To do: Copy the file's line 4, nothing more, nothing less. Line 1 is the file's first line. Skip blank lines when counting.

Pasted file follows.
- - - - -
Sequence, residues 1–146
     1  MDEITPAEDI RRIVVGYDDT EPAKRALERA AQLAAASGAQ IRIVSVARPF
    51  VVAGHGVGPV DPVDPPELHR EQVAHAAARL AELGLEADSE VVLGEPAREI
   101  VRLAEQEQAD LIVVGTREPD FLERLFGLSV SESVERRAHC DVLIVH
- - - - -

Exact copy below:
   101  VRLAEQEQAD LIVVGTREPD FLERLFGLSV SESVERRAHC DVLIVH